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Mary Ting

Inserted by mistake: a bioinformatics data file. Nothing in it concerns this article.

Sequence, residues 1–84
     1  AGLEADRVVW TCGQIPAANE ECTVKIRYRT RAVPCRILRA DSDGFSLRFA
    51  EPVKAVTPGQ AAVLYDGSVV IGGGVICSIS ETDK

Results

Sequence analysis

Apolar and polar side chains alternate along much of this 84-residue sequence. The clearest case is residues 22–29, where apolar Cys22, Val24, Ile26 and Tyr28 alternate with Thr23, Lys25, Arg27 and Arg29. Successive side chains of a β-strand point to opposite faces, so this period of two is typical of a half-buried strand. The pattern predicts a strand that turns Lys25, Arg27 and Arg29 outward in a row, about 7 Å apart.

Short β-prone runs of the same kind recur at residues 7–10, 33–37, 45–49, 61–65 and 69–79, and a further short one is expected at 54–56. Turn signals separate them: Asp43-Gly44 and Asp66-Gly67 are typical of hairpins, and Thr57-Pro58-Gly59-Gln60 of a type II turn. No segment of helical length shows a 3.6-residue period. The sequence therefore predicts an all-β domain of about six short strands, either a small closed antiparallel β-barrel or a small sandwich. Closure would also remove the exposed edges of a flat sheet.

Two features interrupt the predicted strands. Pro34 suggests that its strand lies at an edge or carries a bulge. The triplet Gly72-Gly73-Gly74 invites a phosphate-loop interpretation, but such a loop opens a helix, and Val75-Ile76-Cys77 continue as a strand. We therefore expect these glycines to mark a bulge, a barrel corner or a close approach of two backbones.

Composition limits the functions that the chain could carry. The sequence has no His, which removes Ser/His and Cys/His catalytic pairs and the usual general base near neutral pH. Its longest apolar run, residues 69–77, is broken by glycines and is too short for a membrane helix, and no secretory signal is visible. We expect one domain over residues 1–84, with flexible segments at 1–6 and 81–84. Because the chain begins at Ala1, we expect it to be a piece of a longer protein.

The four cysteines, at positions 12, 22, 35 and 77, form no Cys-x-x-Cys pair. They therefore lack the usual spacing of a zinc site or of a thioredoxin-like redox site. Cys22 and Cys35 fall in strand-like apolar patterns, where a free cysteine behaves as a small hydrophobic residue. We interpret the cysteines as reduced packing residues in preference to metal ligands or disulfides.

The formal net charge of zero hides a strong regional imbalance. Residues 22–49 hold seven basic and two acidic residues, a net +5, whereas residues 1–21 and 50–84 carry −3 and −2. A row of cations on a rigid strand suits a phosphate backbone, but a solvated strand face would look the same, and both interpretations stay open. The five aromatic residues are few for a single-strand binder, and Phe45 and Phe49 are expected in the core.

Photobucket Photobucket " I grew up in suburban Long Island, the bedtime stories of my mother’s childhood in Nanjing during the Japanese occupation juxtaposed with the sounds of Lost in Space on our family’s television set in the background. My teenage years followed with the event of my father’s return to China, where he reunited with his family and trained PhD students in Beijing at the end of the Cultural Revolution, colliding with the accidental death of my first boyfriend. The realization of the family purges and suicides was compounded by the later revision of history and ironic rise of some of those relatives to the Hall of Revolutionary Heroes. I eventually pursued my version of my father’s path, studying, working and living in Northern China, and discovering more than I intended to about the countryside and superstition. Naturally personal experiences and family history play a major role in the vantage point of an artist. Over time it melds into the language of the artwork and the work becomes cyclical. Paper was a starting point and primary medium due to its accessibility, ephemeral qualities, affordability, and its associations with ritual, folk culture, and ordinary life. But my interests have been to extend the field of drawing and works on paper into the realm of installation, sculpture, and film. In my studio, there has been an ongoing dialogue with other materials, an abstract narrative, and both a visceral and literary approach throughout my twenty years of working as an artist. The edges and boundaries of sanity, nuances in the body, a sense of longing, and shame are essential elements in the work. I have deliberately left a level of ambiguity in the work, the question as to whom is eating whom remains. The vehicle of the transformed, masked, or monstrous figure allows for an outpouring of expression of the other, stranger, outsider." – Mary Ting Photobucket

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